As with Statutory Instruments made by the British government, these are subject to either approval or disallowance by the Scottish Parliament The National Assembly for Wales has the power to make legislation in Wales. The Assembly was created by the Government of Wales Act 1998, which followed a referendum in 1997, it is a democratically elected body with 60 members known as Assembly Members. Of these 40 AMs are elected using First past the post in single member constituencies and a further 20 MSPs are elected using the D'Hondt method, a form of party-list proportional representation in five additional member regions with each region electing 4 AMs; the Assembly had no powers to initiate primary legislation until limited law-making powers were gained through the Government of Wales Act 2006. Its primary law-making powers were enhanced following a Yes vote in the referendum on 3 March 2011, making it possible for it to legislate in the 20 areas that are devolved without having to consult the UK Parliament, nor the Secretary of State for Wales.
The Assembly may delegate authority to enact legislation through Welsh Statutory Instruments. Under the Wales Act 2017 the Assembly came into line with Scotland and Northern Ireland and moved to a resevered powers model, it is expected that the National Assembly for Wales will be renamed the "We
Parliament of England
The Parliament of England was the legislature of the Kingdom of England, existing from the early 13th century until 1707, when it merged with the Parliament of Scotland to become the Parliament of Great Britain after the political union of England and Scotland created the Kingdom of Great Britain. In 1066, William of Normandy introduced what, in centuries, became referred to as a feudal system, by which he sought the advice of a council of tenants-in-chief and ecclesiastics before making laws. In 1215, the tenants-in-chief secured Magna Carta from King John, which established that the king may not levy or collect any taxes, save with the consent of his royal council, which developed into a parliament. Over the centuries, the English Parliament progressively limited the power of the English monarchy which arguably culminated in the English Civil War and the trial and execution of Charles I in 1649. After the restoration of the monarchy under Charles II, the subsequent Glorious Revolution of 1688, the supremacy of Parliament was a settled principle and all future English and British sovereigns were restricted to the role of constitutional monarchs with limited executive authority.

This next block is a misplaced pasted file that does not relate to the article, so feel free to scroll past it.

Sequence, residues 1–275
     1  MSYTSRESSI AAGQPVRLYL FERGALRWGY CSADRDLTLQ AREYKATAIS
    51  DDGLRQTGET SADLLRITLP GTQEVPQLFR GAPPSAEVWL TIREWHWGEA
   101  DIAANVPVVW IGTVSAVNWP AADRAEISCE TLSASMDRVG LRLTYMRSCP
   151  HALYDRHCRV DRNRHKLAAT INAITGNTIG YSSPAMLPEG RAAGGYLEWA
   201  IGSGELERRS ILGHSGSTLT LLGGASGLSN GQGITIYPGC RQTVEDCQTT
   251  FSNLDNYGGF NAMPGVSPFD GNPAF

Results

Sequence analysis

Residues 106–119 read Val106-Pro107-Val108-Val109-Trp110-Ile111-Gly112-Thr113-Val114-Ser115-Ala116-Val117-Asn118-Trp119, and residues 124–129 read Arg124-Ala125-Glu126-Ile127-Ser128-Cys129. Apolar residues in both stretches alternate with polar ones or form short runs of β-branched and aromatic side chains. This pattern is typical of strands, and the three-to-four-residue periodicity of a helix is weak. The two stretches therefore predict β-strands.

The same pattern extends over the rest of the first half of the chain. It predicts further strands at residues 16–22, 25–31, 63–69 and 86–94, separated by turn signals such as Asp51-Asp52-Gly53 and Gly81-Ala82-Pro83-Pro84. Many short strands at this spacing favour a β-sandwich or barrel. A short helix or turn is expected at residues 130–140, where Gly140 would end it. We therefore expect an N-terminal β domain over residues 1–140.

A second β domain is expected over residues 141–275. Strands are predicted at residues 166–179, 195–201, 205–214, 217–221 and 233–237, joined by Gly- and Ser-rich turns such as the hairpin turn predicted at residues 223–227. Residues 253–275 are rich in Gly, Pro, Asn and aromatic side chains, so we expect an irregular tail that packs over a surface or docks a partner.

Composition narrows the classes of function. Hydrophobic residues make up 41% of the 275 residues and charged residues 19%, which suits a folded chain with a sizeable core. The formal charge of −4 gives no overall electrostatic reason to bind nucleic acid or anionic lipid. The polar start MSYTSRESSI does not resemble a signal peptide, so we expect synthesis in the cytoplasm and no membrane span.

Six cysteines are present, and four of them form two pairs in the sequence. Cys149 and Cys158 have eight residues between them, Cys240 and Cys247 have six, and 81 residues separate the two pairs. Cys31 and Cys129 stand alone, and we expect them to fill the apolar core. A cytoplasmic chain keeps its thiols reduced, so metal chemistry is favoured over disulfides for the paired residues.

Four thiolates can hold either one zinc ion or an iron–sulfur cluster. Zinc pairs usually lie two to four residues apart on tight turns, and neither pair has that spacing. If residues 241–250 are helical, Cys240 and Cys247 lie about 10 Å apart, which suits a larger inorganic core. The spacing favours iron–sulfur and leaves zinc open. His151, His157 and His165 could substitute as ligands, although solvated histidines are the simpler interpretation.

The Act of Union 1707 merged the English Parliament with the Parliament of Scotland to form the Parliament of Great Britain. When the Parliament of Ireland was abolished in 1801, its former members were merged into what was now called the Parliament of the United Kingdom. Under a monarchical system of government, monarchs must consult and seek a measure of acceptance for their policies if they are to enjoy the broad cooperation of their subjects. Early kings of England had no standing army or police, so depended on the support of powerful subjects; the monarchy had agents in every part of the country. However, under the feudal system that evolved in England after the Norman Conquest of 1066, the laws of the Crown could not have been upheld without the support of the nobility and the clergy; the former had economic and military power bases of their own through major ownership of land and the feudal obligations of their tenants. The Church was a law unto itself in this period as it had its own system of religious law courts.
In order to seek consultation and consent from the nobility and the senior clergy on major decisions, post-Norman Conquest English monarchs called Great Councils. A typical Great Council would consist of archbishops, abbots and earls, the pillars of the feudal system; when this system of consultation and consent broke down, it became impossible for government to function effectively. The most prominent instances of this before the reign of Henry III are the disagreements between Thomas Becket and Henry II and between King John and the barons. Becket, who served as Archbishop of Canterbury between 1162 and 1170, was murdered after a long running dispute with Henry II over the jurisdiction of the Church. John, king from 1199 to 1216, aroused such hostility from many leading noblemen that they forced him to agree to Magna Carta in 1215. John's refusal to adhere to this charter led to civil war; the Great Council evolved into the Parliament of England. The term came into use during the early 13th century, when it shifted from the more general meaning of "an occasion for speaking."